We have been skeptical of Masdar City and Foster+Partners, the architects responsible for the emergent eco-city’s design, but BBC reporter Tom Reap’s recent article paints a compelling portrait of this dubious venture. Although projected building costs are exorbitant (approximately $22 billion), and the project is being funded by Sheikh Khalifa bin Zayed Al Nahyan’s vast oil fund, it is worth revisiting the drawing board to determine Masdar City’s merits.
Reap suggests the environment surrounding Masdar City resembles a moonscape. Here, in order to combat average summer temperatures of 35°C, designers are entertaining lunar solutions such as covering building surfaces with foil that would block the sun’s heat. Reap also says the building’s “vertical faces are dressed with screens which look like a terracotta mesh. They keep the sun out but let the breeze in.” Passive and even ancient building techniques are being applied as well, such as narrow streets with low buildings that “shade one another.”
With what Reap calls the “largest solar farm in the Middle East,” Masdar City will harness its most ubiquitous resource. Meanwhile, architects are relying on design to constrain energy use, maximizing the city’s overall efficiency. One such design is not unlike CSP towers being implemented around the world: a circle of mirrors on the ground concentrate sunlight to a tower which then beams a 3ft shaft back down, producing an extraordinary heat that drives generators.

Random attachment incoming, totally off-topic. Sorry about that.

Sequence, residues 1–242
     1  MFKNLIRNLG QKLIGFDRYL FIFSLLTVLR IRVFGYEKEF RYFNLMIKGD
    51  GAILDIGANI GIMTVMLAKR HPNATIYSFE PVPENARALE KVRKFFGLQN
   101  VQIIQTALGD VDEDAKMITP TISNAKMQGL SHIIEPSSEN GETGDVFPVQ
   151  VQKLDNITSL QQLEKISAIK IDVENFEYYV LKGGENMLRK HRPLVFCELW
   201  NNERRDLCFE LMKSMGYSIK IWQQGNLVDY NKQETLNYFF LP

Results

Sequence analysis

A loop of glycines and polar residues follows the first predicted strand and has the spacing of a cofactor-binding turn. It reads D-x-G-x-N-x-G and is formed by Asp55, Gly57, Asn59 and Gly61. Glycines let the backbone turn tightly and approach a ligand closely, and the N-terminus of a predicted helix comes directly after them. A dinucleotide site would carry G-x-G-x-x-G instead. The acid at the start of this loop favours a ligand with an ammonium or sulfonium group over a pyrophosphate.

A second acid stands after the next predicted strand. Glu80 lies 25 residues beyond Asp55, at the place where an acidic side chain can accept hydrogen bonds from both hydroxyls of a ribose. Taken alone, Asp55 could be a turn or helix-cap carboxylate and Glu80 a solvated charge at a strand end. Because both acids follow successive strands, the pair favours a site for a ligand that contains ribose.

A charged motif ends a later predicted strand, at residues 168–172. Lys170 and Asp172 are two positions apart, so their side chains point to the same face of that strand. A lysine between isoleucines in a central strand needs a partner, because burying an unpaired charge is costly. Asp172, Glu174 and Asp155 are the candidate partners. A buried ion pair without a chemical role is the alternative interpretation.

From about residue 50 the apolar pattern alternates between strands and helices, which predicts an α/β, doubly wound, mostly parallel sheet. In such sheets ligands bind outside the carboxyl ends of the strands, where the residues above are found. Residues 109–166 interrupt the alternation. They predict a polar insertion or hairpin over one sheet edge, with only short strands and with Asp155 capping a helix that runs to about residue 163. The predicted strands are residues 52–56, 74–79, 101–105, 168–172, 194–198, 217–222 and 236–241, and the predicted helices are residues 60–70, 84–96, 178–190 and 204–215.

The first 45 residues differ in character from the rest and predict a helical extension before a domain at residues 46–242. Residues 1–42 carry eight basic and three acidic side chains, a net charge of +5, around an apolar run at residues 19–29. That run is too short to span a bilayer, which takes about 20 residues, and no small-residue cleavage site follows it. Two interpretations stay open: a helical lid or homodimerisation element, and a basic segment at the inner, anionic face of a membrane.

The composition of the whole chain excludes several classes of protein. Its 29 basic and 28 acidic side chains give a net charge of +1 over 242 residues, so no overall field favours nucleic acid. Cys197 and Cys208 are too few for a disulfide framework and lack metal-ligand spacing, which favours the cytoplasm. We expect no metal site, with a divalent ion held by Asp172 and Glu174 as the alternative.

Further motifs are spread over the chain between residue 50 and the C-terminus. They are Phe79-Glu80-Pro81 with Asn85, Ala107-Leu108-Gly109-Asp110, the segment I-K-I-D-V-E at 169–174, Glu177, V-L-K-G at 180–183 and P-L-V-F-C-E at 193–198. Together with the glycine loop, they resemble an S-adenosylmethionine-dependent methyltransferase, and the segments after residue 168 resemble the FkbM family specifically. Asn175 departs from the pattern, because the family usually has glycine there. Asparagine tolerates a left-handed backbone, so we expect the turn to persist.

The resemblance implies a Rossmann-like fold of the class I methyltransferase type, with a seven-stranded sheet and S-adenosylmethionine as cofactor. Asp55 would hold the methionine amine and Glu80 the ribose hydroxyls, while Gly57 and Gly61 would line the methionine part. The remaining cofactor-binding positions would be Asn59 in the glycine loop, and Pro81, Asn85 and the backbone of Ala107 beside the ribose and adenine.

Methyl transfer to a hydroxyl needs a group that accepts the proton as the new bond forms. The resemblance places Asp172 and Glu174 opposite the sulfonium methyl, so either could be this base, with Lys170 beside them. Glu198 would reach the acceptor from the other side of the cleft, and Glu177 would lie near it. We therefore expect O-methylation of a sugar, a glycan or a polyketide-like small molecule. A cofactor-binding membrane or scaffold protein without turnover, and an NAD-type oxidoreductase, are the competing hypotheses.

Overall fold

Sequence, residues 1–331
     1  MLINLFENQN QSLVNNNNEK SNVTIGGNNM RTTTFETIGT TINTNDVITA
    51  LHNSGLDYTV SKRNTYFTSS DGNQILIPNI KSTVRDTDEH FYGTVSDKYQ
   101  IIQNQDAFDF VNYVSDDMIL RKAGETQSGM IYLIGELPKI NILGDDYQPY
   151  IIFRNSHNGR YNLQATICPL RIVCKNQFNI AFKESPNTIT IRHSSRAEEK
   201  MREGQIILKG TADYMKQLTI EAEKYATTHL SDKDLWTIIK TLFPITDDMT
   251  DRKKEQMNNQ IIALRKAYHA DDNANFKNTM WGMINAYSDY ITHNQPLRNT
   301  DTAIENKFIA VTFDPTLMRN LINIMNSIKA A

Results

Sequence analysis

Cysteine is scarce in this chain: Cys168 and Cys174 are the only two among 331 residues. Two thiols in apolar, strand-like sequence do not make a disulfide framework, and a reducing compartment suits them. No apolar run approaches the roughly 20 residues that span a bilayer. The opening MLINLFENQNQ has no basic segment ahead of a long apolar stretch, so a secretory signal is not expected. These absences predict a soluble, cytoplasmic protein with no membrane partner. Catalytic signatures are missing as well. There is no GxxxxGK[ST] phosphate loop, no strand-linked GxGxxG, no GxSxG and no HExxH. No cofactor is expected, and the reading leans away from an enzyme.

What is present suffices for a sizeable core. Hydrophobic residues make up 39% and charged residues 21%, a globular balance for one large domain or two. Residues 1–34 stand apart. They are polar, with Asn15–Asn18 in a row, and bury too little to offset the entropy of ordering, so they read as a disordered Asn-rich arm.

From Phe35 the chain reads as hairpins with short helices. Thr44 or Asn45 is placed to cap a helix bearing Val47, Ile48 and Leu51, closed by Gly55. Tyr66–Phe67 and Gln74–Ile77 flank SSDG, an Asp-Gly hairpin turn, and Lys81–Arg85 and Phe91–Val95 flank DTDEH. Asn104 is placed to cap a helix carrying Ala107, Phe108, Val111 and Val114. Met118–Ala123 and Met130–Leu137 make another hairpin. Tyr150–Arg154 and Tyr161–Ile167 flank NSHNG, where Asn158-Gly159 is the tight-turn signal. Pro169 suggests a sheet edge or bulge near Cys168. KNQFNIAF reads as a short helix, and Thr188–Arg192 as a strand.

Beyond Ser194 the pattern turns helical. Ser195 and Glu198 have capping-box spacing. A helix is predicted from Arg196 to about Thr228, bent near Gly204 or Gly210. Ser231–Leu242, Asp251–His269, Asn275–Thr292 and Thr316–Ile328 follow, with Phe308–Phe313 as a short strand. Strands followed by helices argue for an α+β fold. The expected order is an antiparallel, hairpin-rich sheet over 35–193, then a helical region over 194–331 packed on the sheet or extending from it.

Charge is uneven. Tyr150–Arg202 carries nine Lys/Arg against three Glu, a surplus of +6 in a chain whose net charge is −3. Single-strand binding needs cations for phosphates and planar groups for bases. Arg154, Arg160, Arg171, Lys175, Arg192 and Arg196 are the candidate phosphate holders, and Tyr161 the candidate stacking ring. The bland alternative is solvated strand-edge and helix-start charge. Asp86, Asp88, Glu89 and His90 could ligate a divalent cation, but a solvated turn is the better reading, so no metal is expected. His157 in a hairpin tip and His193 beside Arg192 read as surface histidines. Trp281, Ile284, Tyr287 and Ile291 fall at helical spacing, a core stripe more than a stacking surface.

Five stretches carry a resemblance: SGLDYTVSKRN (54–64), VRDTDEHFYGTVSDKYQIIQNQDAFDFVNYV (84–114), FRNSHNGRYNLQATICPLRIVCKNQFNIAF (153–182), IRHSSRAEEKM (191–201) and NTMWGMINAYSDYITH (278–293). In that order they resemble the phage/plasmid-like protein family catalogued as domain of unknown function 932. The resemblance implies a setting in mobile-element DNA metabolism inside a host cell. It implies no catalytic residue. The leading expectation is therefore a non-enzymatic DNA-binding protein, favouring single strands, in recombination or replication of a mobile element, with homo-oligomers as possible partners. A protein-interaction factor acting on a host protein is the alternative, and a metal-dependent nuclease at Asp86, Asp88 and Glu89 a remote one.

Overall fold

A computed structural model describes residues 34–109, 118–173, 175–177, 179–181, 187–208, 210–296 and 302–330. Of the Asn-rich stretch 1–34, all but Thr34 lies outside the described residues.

Absent from Masdar will be the sound and smell of cars hootin’ and spewin’. Conventional vehicles will be parked outside of the walled boundary, but people weary of walking this compact and pedestrian-friendly city can use podcars below street level. These are equipped with magnetic sensors that detect potential obstacles and are powered by the sun. Reap quotes Kaled Awad, the project’s director: “the quality of air will be better than any other street in the Gulf and in the world, and that alone will bring you safety, health and happiness.”
The 147 ft wind tower designed to flush an energy-free breeze through the city will double as Masdar’s energy monitor. When the tower’s beacon signals red, anyone within several miles will know that too much energy is being consumed, whereas blue signals satisfactory levels of energy consumption.
Though Masdar City will not be fully realized for up to ten years, we will continue to assess whether or not this ambitious project is a sustainable lighthouse for Middle Eastern development.
More on Middle Eastern Development Projects:
Is Urjuan a Wise Expenditure of Qatar’s Oil and Gas Wealth?
Energy City Qatar on Target for 2012
Qatar’s New Green LEED Convention Center a Mini Masdar City